Slow iPhone sales make for an unusually ugly quarter for Apple—and shows that even tech’s superstar is reeling from the sluggish economy

Must read

Apple reported a steeper sales decline in its holiday period than Wall Street feared, showing the toll of an economic slowdown and lingering supply snags.

Revenue in the fiscal first quarter amounted to $117.2 billion, the company said in a statement Thursday. That compared with Wall Street projections of about $121.1 billion. The shares fell in extended trading.

The results show that Apple hasn’t been able to dodge the tech slowdown afflicting many of its competitors. Demand for smartphones and computers has slumped in the past year, and Covid-19 restrictions in China added to Apple’s woes during the holiday sales period. Timing was another issue: The company didn’t launch new Macs and HomePods until recent weeks, missing the end of the first quarter.

Earnings came in at $1.88 per share, compared with an average estimate of $1.94 per share. The Cupertino, California-based technology giant didn’t provide a revenue outlook for the second quarter, continuing an approach it adopted at the start of the Covid pandemic in 2020.

Apple shares had closed up 3.7% at $150.82 in New York. They have gained 16% this year.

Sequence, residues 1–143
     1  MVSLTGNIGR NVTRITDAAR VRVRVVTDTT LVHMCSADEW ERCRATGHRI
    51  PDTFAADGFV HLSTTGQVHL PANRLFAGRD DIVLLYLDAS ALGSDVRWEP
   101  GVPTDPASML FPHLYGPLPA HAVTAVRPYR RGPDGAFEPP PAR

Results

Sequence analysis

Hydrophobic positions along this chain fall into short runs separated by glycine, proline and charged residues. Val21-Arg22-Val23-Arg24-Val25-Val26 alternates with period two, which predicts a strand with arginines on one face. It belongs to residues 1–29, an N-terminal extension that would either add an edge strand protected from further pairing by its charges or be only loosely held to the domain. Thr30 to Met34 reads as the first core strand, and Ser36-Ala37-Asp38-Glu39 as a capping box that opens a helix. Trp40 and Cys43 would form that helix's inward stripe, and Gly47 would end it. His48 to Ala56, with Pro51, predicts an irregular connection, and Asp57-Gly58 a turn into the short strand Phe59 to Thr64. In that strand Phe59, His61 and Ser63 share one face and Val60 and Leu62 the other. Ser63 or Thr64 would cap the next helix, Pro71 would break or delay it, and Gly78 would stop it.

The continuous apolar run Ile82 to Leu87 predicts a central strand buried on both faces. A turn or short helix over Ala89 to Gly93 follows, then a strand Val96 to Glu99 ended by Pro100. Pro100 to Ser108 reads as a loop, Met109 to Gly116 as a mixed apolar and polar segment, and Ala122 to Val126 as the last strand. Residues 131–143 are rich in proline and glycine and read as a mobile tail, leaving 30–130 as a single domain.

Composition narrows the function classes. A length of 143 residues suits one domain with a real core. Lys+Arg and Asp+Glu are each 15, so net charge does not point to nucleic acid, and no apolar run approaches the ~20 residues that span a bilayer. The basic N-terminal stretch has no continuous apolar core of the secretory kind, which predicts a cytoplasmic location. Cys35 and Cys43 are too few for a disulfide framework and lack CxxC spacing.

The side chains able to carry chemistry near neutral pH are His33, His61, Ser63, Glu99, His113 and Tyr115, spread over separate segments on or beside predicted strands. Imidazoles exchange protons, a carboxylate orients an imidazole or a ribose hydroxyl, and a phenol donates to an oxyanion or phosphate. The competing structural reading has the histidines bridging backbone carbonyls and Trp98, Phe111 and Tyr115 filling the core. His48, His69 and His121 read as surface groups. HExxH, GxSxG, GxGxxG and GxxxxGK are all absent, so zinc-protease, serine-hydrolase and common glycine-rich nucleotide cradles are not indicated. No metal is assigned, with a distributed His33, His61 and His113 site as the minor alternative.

Chief Executive Officer Tim Cook cited a “challenging environment” in the statement. “We remain focused on the long term,” he said.

Apple generated $65.8 billion from its flagship product, the iPhone, missing the estimate of $68.3 billion. That also represents a decline the $71.6 billion that the product brought in a year earlier. While the latest iPhone was a more significant leap than the previous version, the factories producing the popular Pro models in China were shuttered for several weeks during the quarter due to pandemic restrictions. 

The company made $7.74 billion from the Mac, well short of the $9.7 billion estimate. That’s also a significant drop from $10.9 billion a year ago.

It was a tough year-over-year comparison given that Apple launched a revamped MacBook Pro line in the previous holiday period. This time around, it didn’t update the MacBook Pro and Mac mini models until the current quarter.

Learn how to navigate and strengthen trust in your business with The Trust Factor, a weekly newsletter examining what leaders need to succeed. Sign up here.

More articles

Latest article